Susquehanna

The Columbia Encyclopedia, 6th ed.

Susquehanna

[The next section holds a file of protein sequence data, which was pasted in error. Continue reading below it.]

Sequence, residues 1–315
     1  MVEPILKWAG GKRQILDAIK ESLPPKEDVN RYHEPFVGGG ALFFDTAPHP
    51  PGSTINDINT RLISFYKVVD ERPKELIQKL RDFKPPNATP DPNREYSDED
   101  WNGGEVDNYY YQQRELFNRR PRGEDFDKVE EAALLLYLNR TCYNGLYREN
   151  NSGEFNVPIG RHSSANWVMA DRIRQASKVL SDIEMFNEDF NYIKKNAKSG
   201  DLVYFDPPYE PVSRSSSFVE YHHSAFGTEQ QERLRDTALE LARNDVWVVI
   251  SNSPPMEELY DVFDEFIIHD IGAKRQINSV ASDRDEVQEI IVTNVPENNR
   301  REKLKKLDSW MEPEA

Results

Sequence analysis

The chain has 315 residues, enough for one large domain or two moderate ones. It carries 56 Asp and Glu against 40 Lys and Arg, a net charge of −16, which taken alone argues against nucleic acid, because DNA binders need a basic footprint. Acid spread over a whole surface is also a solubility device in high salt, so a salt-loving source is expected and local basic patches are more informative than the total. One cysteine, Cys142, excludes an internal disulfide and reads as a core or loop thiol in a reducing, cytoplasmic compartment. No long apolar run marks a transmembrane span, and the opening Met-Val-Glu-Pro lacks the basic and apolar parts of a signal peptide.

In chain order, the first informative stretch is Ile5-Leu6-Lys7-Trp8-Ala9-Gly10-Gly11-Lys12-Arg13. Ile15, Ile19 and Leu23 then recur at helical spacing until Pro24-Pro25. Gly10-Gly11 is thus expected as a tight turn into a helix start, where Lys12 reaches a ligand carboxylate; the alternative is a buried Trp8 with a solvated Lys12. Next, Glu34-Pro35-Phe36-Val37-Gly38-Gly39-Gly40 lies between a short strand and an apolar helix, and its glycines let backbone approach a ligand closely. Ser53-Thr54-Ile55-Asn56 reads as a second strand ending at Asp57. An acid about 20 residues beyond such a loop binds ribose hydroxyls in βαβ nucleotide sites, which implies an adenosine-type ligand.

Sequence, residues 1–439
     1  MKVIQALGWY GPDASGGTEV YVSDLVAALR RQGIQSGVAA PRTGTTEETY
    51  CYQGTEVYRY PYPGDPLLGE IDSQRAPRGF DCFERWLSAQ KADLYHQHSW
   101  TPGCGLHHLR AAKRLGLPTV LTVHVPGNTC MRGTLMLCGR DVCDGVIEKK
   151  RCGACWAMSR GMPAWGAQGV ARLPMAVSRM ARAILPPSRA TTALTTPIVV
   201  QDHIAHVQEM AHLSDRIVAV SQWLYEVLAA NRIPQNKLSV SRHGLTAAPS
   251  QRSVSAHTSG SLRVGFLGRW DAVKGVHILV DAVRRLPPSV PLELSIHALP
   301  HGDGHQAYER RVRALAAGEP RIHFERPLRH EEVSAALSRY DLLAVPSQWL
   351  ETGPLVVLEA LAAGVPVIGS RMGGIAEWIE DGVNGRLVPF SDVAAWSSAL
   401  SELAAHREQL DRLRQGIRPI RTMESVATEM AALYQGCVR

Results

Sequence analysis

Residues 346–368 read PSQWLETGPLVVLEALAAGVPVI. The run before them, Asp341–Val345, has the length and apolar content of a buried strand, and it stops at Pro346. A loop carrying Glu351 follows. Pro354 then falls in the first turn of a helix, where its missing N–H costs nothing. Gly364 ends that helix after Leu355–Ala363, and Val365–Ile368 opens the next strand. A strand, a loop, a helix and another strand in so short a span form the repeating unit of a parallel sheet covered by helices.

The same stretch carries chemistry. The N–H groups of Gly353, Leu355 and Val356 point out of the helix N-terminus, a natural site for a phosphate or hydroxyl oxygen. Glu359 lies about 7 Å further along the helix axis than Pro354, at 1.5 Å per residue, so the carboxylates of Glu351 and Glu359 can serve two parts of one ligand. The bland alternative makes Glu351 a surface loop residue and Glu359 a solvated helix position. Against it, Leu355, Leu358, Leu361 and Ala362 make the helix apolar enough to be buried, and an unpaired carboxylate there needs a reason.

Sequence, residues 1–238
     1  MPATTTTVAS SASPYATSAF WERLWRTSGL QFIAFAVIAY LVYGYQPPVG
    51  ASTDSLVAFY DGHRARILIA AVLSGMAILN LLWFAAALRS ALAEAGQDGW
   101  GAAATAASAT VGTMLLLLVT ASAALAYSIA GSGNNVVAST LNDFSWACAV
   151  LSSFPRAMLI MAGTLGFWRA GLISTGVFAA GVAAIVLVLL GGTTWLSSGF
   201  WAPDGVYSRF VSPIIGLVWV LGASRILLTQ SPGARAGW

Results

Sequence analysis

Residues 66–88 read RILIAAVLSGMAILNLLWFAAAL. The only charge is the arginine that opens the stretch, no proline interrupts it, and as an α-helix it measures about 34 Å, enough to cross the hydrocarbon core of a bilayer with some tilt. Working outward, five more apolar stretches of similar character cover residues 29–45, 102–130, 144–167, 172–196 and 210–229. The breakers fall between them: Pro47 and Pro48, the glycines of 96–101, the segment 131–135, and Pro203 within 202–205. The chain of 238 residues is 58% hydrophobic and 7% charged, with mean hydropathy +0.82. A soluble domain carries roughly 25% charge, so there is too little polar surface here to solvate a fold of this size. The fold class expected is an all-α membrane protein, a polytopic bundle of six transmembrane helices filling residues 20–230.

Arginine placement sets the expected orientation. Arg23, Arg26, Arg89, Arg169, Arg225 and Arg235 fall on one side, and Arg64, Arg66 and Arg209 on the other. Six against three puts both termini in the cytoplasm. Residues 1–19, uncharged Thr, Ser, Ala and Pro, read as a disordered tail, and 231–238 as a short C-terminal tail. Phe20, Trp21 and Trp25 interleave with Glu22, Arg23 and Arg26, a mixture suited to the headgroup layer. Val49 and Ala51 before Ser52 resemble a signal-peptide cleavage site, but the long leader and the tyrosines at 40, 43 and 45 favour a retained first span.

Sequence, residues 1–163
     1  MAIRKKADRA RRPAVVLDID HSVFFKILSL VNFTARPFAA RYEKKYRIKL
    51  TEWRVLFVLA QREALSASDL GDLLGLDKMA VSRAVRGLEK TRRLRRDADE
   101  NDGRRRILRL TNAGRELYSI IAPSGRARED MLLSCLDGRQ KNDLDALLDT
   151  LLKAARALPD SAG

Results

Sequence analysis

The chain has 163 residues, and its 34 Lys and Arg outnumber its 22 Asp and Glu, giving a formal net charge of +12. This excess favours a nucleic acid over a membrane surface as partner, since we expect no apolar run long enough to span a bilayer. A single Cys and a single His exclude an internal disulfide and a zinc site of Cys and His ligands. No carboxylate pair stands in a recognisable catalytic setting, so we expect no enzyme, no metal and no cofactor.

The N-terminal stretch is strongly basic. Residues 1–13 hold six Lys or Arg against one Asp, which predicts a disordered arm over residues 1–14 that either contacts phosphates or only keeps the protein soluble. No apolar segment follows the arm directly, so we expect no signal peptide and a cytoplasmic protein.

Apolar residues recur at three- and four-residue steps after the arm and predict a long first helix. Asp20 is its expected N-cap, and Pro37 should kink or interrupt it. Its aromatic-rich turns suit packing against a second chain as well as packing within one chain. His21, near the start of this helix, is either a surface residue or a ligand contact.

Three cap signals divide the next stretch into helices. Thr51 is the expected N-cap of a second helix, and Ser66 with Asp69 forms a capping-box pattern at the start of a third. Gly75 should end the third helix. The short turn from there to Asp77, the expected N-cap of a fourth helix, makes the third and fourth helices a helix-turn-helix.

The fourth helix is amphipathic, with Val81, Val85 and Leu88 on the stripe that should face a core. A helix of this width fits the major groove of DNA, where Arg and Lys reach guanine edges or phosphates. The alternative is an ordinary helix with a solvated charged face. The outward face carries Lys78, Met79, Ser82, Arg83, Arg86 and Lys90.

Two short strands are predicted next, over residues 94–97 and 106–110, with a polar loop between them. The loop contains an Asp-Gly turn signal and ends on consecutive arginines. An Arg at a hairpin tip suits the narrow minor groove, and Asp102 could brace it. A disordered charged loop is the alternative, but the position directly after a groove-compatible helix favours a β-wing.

Susquehanna (səskwĬhăn´ə), river, 444 mi (715 km) long, rising in Otsego Lake, at Cooperstown, N.Y., and zigzagging SE and SW through E central Pa. to Chesapeake Bay near Havre de Grace, Md. The bay is the drowned lower course of the river. The West Branch (c.160 mi/260 km long), which rises in the Allegheny Mts., W Pa., and follows a circuitous course eastward to Sunbury, Pa., is the river's chief tributary. The Susquehanna River traverses an anthracite coal region; the many significant mining and industrial cities on its banks were forced to scale down production as the steel and coal industries declined in the early 1980s. These include Binghamton and Oswego, N.Y., and Pittston, Wilkes-Barre, Harrisburg, and Scranton (on the Lackawanna tributary), Pa. The shallow, swift-flowing river is unsuited for navigation. Several hydroelectric power plants are located on the Susquehanna; the Conowingo plant (Md.) is one of the largest nonfederal power stations in the nation. The Susquehanna and its tributaries have extensive flood control works. However in June, 1972, the river, swollen by the torrential rains of Hurricane Agnes, breached 40-ft (12-m) dikes in places and flooded most of the basin, causing one of the greatest flood disasters in U.S. history.

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